Well, we've reached that point! Fifth graders are finally on laptops, plugging away at solving puzzles using algorithms!
Today's lesson began with a quick refresher on algorithms from our last session, when students used grids and programming commands to make pictures. For homework, students had to design their own multi-colored picture and write the algorithm for how to make it. Today, we switched algorithms with a classmate and followed their program to re-create the picture.
Many students struggled with this. Algorithms quickly got complicated, since pictures were in at least two colors. I don't know if students had enough time to really practice and understand how multi-colored pictures work. I think next time I teach this lesson, all our examples will be multi-colored, just to get students really familiar with that notion.
We talked about "Off By One" errors and how one small mistake early in the code can have disastrous results. Students worked with a partner to try to identify and fix these mistakes, and there was a valuable discussion about errors - were they made by the person following the program, or were they made by the person writing the program? I could see a bit of discomfort on students' faces when I told them that, on the computer, the only one who can make mistakes is the STUDENT writing the program; some of these fifth graders aren't used to being incorrect!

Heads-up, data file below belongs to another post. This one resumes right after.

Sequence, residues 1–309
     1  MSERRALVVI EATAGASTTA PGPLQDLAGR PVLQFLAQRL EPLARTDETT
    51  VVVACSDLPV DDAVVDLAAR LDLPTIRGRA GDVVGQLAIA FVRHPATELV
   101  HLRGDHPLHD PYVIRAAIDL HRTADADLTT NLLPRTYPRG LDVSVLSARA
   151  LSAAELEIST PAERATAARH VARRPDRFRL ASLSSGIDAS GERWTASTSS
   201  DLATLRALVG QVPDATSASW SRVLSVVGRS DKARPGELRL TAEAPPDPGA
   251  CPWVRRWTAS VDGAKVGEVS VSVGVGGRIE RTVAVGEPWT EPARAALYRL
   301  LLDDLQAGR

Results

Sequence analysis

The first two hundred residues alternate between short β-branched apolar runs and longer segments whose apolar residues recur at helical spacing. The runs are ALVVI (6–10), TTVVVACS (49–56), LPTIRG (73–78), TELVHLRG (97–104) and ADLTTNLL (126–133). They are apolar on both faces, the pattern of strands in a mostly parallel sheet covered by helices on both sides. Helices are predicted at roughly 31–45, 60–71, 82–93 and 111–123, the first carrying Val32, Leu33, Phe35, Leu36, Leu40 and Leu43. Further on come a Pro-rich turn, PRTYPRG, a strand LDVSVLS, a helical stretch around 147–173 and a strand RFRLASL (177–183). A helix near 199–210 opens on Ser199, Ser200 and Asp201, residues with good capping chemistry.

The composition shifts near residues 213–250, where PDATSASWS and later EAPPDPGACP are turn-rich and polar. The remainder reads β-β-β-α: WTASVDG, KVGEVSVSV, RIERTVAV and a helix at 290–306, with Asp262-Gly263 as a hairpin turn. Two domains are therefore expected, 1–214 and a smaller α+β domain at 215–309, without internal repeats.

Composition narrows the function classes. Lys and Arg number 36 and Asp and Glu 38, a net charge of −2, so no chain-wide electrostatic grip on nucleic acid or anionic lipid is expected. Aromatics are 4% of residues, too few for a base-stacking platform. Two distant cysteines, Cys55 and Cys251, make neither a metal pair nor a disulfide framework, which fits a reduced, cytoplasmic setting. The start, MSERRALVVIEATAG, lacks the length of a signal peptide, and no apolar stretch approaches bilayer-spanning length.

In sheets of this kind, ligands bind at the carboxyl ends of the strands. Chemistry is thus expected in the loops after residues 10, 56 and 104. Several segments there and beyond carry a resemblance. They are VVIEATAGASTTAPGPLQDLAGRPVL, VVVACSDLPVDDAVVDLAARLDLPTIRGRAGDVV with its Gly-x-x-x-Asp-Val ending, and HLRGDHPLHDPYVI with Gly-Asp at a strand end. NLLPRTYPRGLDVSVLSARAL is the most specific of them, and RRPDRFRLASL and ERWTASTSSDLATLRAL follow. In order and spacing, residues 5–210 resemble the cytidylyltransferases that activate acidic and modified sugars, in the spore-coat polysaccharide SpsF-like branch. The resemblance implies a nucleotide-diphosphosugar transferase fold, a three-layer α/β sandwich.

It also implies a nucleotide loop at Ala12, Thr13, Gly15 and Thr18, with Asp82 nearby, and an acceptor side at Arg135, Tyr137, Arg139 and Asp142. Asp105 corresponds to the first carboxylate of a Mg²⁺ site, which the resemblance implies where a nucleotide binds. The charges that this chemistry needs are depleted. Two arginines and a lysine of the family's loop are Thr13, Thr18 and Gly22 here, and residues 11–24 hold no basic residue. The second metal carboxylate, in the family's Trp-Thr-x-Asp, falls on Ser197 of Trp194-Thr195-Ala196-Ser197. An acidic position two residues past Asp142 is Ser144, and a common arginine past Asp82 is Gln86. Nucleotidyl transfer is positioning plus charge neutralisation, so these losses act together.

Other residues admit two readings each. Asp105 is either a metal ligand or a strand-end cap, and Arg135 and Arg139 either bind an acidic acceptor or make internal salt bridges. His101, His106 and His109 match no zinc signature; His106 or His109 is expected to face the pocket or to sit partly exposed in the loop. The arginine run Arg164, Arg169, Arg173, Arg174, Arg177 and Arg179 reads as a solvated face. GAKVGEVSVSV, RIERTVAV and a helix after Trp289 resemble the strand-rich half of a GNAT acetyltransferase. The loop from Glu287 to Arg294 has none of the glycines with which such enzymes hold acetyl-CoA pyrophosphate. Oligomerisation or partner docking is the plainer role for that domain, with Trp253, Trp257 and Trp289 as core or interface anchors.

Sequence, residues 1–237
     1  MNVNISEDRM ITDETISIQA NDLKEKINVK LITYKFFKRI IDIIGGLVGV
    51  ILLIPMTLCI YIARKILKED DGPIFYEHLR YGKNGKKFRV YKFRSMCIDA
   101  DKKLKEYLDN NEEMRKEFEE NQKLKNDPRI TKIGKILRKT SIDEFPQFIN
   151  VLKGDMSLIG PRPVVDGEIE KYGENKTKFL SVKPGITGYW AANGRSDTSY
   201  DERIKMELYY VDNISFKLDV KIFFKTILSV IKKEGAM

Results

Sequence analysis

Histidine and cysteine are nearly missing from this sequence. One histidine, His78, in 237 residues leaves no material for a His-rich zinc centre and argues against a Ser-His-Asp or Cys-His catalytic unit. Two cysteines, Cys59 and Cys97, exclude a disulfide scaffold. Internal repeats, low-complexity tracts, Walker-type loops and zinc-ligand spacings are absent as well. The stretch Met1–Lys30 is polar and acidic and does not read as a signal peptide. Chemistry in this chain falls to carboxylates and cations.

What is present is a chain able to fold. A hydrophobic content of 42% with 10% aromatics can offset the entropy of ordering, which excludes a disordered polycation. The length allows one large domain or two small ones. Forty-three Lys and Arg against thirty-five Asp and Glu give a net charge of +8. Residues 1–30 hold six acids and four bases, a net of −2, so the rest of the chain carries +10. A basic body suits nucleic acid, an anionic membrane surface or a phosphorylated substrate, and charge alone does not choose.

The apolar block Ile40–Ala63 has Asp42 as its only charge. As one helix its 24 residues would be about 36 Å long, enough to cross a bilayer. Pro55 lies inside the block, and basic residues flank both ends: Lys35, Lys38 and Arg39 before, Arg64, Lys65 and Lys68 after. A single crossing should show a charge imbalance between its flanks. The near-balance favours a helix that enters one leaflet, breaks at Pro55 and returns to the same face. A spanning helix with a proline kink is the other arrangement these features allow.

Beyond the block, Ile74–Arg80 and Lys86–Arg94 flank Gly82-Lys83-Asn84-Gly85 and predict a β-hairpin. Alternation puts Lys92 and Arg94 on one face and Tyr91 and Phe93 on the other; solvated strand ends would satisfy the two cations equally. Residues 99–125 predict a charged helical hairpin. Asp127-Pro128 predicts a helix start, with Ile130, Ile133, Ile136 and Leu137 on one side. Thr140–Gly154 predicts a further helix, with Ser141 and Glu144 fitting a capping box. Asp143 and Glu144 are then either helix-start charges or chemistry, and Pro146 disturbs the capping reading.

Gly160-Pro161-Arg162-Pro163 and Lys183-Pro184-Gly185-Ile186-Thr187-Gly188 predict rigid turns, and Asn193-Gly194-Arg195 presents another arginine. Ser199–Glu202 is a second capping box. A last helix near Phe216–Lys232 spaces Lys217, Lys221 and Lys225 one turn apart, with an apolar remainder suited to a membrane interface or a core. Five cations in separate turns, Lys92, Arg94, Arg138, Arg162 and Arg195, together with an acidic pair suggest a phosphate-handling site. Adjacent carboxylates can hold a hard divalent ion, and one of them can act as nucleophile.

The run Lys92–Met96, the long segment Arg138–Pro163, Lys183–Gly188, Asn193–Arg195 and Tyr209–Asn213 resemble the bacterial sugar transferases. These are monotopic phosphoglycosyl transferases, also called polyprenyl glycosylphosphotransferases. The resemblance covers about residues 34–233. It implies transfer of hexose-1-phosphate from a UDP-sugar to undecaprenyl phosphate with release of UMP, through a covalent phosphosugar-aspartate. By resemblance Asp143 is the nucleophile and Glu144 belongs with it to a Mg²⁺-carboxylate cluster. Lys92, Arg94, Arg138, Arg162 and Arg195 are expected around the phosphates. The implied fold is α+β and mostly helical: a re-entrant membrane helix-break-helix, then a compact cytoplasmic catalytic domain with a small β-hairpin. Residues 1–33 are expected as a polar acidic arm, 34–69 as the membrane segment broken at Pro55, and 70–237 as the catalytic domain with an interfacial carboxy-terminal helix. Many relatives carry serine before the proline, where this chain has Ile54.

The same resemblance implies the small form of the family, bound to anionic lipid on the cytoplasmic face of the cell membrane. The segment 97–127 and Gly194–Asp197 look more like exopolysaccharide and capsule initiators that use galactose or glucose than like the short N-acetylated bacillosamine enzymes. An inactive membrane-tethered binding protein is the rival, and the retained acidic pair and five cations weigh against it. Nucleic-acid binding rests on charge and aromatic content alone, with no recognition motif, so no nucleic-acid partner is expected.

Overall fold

Once we had homework out of the way, we got onto code.org to work through Course 2 Stage 3. Aside from some Wi-Fi issues in one classroom, it went off without a hitch! We had signed up students beforehand and printed out little slips of paper with login information (we had students also write this info in an assignment planner as a back-up), so all they had to do was grab a laptop, go to the URL, click their name, and enter their secret words!
One of my favorite things about having the students complete the code.org puzzles in class is looking around the class at everyone's face. Students who are normally disengaged or disruptive are completely enthralled with their screen, figuring out the best way to solve the puzzle. As the class progresses and puzzles get more difficult, the noise level tends to rise a bit as students check in with each other trying to figure solutions. Kids are fully engaged and excited, all the while learning some valuable skills and honing their problem-solving abilities.
I might have to think through a different format for these posts once we're totally immersed in the online environment, since there's really not a ton to say about this lesson. Code.org videos taught the important skills, and I didn't have to come up with any clever ways of keeping kids engaged since they already WANTED to be learning!
Next up is another pencil-and-paper lesson on algorithms again. Code.org has a lesson on paper airplanes, but I'm still trying to weight the benefits and the drawbacks of teaching students better ways of creating distracting objects...